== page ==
medical illustration of a corn
Corns form a hard plug of skin that causes pain when it is pressed
calluses on feet illustration
Callused skin is caused by a thickening of the stratum corneum

Common causes of corns and calluses on feet

Although it’s normal to have calluses and corns every so often on your feet, sometimes these are caused by certain factors that can be eliminated to prevent further corns and calloused skin forming:

  • Wearing ill-fitting shoes: Shoes that are too high or too tight, such as high heels or pointy shoes, can put pressure on the foot, while shoes that are too loose can cause friction, both of which can result in corns and calluses forming. 
  • Wearing ill-fitting socks: Socks which do not fit your feet properly can lead to friction between your skin and your shoe.
  • Wearing no socks: Not wearing any socks with shoes can result in friction between your skin and the shoe.
  • Walking barefoot: Walking barefoot will cause the skin on your feet to thicken in order for the skin to protect itself against damage.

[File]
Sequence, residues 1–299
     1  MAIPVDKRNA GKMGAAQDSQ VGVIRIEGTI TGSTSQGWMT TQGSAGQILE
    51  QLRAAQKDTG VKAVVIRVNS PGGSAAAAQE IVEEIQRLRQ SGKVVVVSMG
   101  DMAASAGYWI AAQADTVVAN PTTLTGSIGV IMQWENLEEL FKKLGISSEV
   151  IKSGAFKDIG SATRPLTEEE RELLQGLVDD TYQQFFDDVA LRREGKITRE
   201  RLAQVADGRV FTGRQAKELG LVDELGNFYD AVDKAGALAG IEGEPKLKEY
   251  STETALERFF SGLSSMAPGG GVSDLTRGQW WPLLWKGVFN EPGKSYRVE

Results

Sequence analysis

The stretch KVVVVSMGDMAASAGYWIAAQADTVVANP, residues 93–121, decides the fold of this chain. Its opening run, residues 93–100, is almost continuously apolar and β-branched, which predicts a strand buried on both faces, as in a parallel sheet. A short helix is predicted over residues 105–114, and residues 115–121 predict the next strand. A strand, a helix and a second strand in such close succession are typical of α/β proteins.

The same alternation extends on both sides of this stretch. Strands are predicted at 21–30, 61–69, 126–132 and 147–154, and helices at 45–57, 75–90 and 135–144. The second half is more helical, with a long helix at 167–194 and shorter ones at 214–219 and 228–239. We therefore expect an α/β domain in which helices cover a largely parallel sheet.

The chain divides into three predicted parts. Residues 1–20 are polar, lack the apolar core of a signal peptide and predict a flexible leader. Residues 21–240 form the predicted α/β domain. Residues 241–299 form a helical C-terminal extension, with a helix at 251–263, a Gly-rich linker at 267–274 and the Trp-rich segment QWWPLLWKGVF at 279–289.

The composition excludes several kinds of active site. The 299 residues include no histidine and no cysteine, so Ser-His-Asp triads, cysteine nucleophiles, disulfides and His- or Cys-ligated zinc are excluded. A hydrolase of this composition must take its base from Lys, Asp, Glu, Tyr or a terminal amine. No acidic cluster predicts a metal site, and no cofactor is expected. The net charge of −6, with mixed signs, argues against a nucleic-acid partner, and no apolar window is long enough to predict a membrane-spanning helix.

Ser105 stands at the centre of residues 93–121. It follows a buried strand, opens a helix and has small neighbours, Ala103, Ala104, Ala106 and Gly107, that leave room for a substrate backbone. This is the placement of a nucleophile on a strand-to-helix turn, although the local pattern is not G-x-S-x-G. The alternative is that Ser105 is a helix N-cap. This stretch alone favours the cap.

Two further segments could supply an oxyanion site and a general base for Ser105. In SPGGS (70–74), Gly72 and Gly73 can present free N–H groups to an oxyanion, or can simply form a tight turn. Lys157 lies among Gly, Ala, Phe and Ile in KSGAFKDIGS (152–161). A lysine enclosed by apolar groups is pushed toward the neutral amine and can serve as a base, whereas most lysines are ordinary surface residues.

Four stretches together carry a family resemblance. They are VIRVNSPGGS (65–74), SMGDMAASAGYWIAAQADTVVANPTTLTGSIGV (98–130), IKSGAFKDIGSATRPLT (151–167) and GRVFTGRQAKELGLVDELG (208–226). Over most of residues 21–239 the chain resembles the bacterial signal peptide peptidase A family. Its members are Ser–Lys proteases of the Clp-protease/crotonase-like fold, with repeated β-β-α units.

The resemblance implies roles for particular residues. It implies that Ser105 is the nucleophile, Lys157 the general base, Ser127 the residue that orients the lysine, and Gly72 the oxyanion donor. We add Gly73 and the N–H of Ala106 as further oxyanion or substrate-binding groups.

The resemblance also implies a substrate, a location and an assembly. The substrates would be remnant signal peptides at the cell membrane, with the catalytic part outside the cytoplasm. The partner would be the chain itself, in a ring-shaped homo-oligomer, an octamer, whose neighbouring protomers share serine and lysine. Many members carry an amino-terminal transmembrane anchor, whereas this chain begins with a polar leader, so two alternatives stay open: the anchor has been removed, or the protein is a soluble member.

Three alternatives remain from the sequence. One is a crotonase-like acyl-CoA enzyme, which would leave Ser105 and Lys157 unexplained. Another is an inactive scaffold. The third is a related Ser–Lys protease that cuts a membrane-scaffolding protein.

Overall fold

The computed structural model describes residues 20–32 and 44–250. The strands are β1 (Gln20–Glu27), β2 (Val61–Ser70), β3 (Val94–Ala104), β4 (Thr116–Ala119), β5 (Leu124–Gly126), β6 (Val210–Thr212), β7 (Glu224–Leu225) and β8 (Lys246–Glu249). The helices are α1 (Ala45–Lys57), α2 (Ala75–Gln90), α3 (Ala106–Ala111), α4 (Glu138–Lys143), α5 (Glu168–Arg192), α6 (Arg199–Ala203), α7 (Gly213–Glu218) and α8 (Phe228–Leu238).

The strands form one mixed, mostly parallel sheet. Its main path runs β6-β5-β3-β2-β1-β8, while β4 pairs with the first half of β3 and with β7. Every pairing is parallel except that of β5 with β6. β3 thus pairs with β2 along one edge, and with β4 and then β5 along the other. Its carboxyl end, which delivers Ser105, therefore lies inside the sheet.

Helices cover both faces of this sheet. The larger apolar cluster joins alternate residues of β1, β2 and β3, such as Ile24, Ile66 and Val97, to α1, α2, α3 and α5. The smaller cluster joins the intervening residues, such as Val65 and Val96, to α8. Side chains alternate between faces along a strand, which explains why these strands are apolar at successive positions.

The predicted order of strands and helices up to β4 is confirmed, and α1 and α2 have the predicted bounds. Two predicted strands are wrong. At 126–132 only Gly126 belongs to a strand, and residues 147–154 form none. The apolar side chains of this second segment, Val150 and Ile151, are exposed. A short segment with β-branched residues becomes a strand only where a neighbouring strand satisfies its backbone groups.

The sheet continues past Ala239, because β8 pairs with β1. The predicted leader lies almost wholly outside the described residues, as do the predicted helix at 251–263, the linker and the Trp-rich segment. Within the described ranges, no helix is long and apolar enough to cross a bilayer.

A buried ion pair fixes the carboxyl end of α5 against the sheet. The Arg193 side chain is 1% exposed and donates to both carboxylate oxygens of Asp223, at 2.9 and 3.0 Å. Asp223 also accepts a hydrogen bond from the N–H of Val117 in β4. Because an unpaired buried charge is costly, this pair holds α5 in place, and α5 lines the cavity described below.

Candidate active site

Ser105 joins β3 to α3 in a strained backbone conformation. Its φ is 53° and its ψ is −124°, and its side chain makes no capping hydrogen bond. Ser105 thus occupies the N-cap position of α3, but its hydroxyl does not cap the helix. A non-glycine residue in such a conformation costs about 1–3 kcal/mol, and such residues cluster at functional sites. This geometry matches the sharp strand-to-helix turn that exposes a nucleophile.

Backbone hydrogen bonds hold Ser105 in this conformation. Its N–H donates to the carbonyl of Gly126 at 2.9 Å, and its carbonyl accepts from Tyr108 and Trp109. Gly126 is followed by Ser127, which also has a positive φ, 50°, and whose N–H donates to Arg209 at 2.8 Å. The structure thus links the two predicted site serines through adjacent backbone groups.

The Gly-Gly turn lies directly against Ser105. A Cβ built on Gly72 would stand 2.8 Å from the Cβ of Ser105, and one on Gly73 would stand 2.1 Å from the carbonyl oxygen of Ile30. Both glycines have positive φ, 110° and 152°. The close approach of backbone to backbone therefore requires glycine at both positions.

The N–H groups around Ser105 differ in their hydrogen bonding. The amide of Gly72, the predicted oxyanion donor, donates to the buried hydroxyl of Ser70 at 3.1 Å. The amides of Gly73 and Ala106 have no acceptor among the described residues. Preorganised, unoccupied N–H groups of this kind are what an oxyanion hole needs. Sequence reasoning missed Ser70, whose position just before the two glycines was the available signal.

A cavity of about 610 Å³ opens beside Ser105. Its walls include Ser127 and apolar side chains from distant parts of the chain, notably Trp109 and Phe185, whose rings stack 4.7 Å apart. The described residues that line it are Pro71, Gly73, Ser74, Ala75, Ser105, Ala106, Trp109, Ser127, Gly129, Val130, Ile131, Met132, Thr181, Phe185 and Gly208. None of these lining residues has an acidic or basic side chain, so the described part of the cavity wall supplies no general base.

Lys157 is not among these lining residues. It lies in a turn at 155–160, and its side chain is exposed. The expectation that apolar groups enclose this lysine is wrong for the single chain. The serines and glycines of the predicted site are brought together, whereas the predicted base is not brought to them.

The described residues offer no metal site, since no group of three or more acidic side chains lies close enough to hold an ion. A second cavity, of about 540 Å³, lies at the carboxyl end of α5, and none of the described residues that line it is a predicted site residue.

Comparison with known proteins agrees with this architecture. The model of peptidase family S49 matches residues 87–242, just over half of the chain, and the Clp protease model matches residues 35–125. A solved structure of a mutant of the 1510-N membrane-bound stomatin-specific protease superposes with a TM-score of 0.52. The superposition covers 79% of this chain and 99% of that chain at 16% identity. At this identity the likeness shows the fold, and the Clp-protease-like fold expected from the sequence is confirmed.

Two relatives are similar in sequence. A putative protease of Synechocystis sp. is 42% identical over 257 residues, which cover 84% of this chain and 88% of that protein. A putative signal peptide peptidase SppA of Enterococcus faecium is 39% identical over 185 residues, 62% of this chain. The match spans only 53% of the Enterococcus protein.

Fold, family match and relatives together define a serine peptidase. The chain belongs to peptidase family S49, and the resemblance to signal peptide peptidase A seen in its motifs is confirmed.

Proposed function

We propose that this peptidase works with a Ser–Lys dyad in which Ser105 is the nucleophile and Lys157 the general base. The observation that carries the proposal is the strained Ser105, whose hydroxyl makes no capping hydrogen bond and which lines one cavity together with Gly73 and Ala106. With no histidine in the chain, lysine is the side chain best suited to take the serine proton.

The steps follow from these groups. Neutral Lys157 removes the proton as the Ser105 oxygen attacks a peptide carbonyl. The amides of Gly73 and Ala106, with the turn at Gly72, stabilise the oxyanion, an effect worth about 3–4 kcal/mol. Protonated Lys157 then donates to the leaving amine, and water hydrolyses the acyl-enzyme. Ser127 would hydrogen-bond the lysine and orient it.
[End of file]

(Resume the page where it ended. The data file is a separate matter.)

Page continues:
• Repeated actions: Playing an instrument, using gym equipment such as weights, using hand tools without gloves, jogging or walking in a particular way can all lead to pressure being placed on your hands or feet in a certain area.
  • Older age: As we get older, we have less fatty tissue in our skin, which causes there to be less padding and as a result, you have a higher risk of developing calluses and corns, especially on weight-bearing areas like the ball of your foot.
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How to get rid of calluses on your feet

There are three simple steps to the perfect soft feet routine. Don’t expect to get rid of calluses overnight, but you can repeat this foot care routine at home regularly to soften hard, tough, dry skin on your feet and effectively remove calluses from your feet.